Military coup in Gabon puts China’s economic interests under threat

The coup ends a hold on power by the Bongo family of more than five decades. In 2009, Ali Bongo took over the presidency from his father Omar Bongo Ondimba following his death. Omar had ruled the former French colony since 1967.


China-funded infrastructure across Africa force difficult decisions for its leaders

China-funded infrastructure across Africa force difficult decisions for its leaders

Following the coup, Beijing called on all parties to hold talks while guaranteeing the personal safety of the deposed leader.

China, which has investments in Gabon’s mining, petroleum and timber industries, hosted President Ondimba when he visited in April. At that time, China-Gabon relations were lifted to a “comprehensive strategic cooperative partnership” and Chinese President Xi Jinping promised to help Gabon diversify its oil-dependent economy and build a green belt and road strategy.

“China is closely following the developments in Gabon,” China’s foreign ministry said on Wednesday. “We call on relevant sides … to resolve differences peacefully through dialogue, restore order at an early date [and] ensure the personal safety of President Ali Bongo Ondimba.”

The Chinese embassy in Gabon said it had activated the emergency response mechanism and urged Chinese residents to stay indoors.

“It is recommended that all Chinese citizens in Gabon stay home and not go out, and in case of emergency, contact the embassy in a timely manner,” it said on Wednesday.

The Chinese statement has stark differences to its reaction to the military coup in Guinea in 2021, probably due to the country’s massive source of bauxite for China’s aluminium industry. Guinea is also home to the massive Simandou iron ore mine, which is said to have the world’s largest untapped reserves of high-quality iron ore at an estimated 2.4 billion tonnes.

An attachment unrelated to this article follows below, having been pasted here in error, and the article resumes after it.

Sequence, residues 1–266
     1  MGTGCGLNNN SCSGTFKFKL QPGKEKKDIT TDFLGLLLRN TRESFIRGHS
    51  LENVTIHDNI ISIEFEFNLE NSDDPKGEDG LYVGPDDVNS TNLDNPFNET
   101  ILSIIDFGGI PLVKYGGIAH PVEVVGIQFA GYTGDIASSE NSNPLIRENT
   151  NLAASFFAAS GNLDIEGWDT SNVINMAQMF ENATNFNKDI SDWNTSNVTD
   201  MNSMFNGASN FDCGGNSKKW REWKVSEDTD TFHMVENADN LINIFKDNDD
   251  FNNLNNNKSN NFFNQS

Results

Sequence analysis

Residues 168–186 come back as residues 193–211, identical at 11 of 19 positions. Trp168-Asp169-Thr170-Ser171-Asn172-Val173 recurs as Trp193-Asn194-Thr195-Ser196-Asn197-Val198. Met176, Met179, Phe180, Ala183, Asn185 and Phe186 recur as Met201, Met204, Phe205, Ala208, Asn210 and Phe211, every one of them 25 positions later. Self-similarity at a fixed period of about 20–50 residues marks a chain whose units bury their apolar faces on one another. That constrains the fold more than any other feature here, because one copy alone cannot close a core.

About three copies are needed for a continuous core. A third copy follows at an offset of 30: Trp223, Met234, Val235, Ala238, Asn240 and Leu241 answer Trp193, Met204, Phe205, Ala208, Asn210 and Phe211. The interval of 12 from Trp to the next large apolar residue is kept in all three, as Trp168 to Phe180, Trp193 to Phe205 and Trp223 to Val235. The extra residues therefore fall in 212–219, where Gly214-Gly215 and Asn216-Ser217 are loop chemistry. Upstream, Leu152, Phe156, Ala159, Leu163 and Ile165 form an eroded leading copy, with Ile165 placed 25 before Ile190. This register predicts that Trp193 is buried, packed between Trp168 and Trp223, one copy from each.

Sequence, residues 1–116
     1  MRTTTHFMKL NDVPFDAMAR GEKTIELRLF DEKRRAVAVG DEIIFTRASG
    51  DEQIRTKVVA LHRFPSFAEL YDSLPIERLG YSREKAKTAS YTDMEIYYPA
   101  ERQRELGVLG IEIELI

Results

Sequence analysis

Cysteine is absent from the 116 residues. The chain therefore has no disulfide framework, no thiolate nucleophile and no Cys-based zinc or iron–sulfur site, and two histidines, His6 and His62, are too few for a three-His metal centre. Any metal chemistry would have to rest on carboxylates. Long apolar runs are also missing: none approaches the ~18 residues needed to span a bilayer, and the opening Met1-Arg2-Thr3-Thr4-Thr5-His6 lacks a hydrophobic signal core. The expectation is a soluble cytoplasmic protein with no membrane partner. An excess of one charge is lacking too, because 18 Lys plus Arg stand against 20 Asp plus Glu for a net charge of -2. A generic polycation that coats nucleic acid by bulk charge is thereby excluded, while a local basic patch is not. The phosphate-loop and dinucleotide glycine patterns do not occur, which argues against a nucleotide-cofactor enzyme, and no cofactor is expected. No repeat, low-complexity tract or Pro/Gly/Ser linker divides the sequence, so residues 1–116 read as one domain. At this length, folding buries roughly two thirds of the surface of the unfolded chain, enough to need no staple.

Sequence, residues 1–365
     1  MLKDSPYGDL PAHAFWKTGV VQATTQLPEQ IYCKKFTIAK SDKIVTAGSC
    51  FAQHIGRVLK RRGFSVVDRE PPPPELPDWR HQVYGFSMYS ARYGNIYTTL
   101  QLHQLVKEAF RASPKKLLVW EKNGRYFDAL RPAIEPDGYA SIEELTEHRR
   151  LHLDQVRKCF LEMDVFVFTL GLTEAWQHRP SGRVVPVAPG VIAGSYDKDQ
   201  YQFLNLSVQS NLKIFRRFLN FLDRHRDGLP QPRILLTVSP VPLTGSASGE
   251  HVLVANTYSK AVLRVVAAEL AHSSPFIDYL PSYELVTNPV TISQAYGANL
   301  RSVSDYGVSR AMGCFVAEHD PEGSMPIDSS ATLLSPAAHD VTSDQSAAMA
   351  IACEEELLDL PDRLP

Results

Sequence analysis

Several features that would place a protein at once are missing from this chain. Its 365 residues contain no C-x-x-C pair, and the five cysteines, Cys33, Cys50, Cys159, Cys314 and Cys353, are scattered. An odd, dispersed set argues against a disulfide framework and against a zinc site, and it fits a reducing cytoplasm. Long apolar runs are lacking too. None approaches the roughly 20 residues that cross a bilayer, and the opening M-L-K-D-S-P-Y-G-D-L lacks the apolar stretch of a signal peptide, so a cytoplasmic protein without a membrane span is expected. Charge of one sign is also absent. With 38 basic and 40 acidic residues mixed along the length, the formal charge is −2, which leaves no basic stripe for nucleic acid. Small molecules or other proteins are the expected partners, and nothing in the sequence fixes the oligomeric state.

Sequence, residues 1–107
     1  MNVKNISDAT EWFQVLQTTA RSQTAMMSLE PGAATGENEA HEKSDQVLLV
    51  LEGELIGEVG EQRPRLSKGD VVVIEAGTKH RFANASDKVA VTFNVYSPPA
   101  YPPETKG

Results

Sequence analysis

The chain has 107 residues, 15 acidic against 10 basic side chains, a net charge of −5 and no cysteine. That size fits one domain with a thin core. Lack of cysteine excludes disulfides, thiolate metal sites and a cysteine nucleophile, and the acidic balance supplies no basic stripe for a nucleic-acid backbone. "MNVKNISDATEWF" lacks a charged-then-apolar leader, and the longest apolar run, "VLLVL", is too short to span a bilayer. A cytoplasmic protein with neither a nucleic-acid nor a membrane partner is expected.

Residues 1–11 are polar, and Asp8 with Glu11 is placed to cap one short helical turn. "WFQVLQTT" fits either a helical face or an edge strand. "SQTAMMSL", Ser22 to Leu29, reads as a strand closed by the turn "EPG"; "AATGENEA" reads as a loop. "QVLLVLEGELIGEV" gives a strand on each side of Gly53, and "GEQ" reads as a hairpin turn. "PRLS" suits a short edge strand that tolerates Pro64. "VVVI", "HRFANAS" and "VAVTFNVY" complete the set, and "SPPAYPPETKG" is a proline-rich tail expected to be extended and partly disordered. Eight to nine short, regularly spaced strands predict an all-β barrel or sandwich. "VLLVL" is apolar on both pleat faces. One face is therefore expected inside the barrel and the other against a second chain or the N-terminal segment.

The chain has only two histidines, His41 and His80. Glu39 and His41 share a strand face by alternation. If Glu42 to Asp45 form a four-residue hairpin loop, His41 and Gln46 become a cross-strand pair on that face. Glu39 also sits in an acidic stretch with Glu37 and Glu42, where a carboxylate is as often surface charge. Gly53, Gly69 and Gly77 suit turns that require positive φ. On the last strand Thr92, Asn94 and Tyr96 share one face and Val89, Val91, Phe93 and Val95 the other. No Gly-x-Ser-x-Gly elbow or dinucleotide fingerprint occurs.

Soldiers hold transitional president General Brice Oligui Nguema up in celebration after a military coup brought an end to the Bongo dynasty in the Central African country. Photo: Gabon24 via AP

In September 2021, Beijing opposed the military coup in Guinea and called for an immediate release of then-president Alpha Conde.

But China’s response in the Gabonese coup is in line with its usual modus operandi of responding to such events, according to Benjamin Barton, an associate professor at the University of Nottingham’s Malaysia campus, and not as much of a knee-jerk reaction as it had to Conde being removed from power.

“I expect to see China aligning itself with the positions of the African Union and the Economic Community of Central African States (ECCAS) in the days to come,” Barton said.

“Naturally, there will be concerns over the well-being of Chinese nationals in Gabon and making sure that the country will remain open for business despite the political and civil upheaval.”

Barton said even if the junta starts making specific demands in relation to the economic activities of foreign companies in the country, as was the case in Guinea, China should not be affected.

“I fully expect the status quo to remain as the robustness of the Gabonese economy largely depends on demand from its international partners, China included.”

Should the military junta remain in power, Beijing will have to work to [re-]establish ties that will anchor the relationship.

Dr John Calabrese